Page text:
House Is Nobuhiko Obayashi Answer To Spielberg’s Jaws

“We want a movie like jaws.“A straightforward request, and an easily understood desire after 1975. steven spielberg‘s shark movie was the sort of runaway success any film studio would long for. And the simple premise of the film isn’t hard to conjure follow-ups to. movies like Aliensold to Fox as “jaws in space,” stand tall on their own merits and possess an identity beyond chasing a trend, but in the years immediately after Jaw’s release, many of the answers to its success weren’t so inspired. There were more sharks (whether through Universal’s sequels or low-budget derivatives), vengeful orcas, killer grizzly bears, alligators, barracuda, and piranhas. There’s no great creative triumph to match Spielberg’s effort in this lot, but they all undeniably resembled it, and many brought in the cash without great effort.

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When it came time for Toho Studios to request a film like jawsthey put the task to Nobuhiko Obayashi. His answer from him would take considerable effort to reach the screen, barely met the brief, and seemed guaranteed not to do business – until it did. Such was the charmed life of 1977’s House.

RELATED: You Need to Put Cult Horror Classic ‘House’ on Your Halloween Watchlist


house japanese movie
Image via Toho

With hindsight, such a departure from studio expectations could be expected. In a career spanning over four decades, Nobuhiko Obayashi proved time, and again he was one of the most idiosyncratic voices in cinema. He wore his love for movies and movie making on his sleeve just as much as Quentin Tarantino, and that love manifested as a surreal visual style that felty experimented with deliberate artifice and old-fashioned techniques. Bold and broad choices in performances, music, and editing work with such images to create an often-whimsical tone to Obayashi’s work, even when applied to dark or challenging subject matter. The results could be uneven and unsettling – the historical drama sada is one loaded movie for disturbing elements – but they were always unique, and Obayashi’s command of the medium was undeniable. He was so devoted to movies that he directed two films, his longtime passion for him project Hanagatami and Labyrinth of Cinemawhile battling terminal cancer from 2017 to 2019.


Back at the beginning of his career, however, Obayashi was more likely to describe himself as a “movie artist” than a director. He was part of a rising generation of experimental filmmakers. Their shorts, played on college campuses and event halls around the country, set the tone for Japanese arthouse cinema in the 1960s. Against that sort of reputation, Obayashi was one of the few of his contemporaries to accept work directing commercials. He readily admitted their lack of “artistic merit,” but the opportunity to create beautiful images using advertising budgets resources had its own appeal. They were fun, offered a chance to experiment, and they put him on the Toho lot.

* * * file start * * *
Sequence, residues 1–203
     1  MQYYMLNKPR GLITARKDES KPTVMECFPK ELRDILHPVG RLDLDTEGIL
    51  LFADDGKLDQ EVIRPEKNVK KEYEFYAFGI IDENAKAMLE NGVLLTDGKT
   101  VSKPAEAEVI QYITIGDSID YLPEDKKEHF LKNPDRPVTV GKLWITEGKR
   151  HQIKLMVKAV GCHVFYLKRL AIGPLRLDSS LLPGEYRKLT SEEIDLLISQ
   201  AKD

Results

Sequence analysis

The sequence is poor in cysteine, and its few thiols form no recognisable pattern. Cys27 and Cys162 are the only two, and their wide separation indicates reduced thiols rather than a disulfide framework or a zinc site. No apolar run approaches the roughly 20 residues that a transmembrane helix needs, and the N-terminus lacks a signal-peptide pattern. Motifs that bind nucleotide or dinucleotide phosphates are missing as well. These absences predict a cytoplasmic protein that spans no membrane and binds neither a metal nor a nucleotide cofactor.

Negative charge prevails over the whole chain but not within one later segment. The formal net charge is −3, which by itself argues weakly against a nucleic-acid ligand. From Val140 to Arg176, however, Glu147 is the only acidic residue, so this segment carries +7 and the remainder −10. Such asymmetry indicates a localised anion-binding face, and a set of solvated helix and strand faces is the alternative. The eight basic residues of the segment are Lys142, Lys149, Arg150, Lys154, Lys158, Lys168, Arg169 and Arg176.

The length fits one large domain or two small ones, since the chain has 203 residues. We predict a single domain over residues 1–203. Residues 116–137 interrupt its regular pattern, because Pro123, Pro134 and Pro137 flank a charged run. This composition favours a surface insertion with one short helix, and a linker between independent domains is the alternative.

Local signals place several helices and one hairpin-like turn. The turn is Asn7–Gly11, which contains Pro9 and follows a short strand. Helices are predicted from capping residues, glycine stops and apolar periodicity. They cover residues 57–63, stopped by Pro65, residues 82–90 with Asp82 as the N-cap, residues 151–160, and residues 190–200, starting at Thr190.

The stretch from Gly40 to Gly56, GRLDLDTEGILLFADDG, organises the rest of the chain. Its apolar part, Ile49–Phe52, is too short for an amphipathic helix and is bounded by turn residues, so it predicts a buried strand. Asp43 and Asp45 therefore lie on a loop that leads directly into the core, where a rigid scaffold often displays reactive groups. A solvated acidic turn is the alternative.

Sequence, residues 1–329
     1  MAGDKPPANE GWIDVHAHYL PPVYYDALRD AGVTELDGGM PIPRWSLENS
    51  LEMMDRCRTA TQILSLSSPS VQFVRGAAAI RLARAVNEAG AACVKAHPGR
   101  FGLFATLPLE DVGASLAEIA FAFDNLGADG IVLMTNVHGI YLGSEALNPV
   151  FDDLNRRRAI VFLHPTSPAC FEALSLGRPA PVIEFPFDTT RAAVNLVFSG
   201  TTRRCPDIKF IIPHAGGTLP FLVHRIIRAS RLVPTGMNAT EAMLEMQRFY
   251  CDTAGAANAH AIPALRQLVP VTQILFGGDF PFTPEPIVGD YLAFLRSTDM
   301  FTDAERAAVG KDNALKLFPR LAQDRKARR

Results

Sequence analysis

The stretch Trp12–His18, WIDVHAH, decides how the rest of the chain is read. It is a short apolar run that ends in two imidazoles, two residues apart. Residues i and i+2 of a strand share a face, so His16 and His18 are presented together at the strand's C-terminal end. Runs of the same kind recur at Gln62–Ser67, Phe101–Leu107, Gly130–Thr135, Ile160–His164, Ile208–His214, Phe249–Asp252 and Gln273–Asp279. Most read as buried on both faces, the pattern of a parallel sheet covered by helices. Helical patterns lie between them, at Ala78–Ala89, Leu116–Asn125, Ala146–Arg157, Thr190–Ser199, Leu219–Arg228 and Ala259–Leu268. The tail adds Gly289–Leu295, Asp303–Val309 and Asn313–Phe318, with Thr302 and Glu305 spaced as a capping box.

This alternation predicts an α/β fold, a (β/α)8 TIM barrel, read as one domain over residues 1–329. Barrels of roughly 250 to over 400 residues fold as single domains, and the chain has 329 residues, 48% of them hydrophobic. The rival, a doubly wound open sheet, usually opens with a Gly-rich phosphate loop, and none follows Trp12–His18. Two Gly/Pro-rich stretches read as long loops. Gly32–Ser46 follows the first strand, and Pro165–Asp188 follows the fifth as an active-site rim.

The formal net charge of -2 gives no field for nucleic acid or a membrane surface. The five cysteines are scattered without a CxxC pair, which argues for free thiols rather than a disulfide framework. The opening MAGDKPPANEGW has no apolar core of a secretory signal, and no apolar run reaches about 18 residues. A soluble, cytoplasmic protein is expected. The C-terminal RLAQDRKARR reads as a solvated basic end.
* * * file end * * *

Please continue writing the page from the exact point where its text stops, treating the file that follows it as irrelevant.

Toho, and the rest of the major studios in Japan, were all suffering in the 1970s. The rise of television and the collapse of the studio system put severe limits on the production of new films, and movies no longer occupied the same niche in culture that they had enjoyed in a pre-TV era. When Obayashi floated the idea of ​​making a feature film to her young daughter, she told him not to bother: “Japanese movies are boring,” she said. Foreign imports like jaws commanded more respect and attention at the box office. In such a climate, some Toho brass felt that an up-and-coming “amateur” filmmaker, asked to produce a horror film in that vein, might appeal to younger audiences.



house horror movie
Image via Toho

Obayashi was first approached to develop a script, not to direct a film himself. Not being a member of Toho’s staff, he was ineligible to helm a picture for them in any case. But he accepted the writing assignment. The same daughter who advised against making a feature became his chief source of material from him. “I always discuss important matters with children,” Obayashi explained years later for the Criterion Collection. “Adults can only think about things they understand, so everything stays on that boring human level…but children come up with things that can’t be explained. They like the strange and mysterious. The power of cinema isn’t in the explainable, but in the strange and inexplicable.” Chigumi Obayashiten years old at the time, gave her father a collection of images, incidents, and phobias from her own life: the thought that her reflection might attack her as she combed her hair, the idea that a watermelon chilled in a well might be a severed head, the oddities of her grandparents’ house in the country.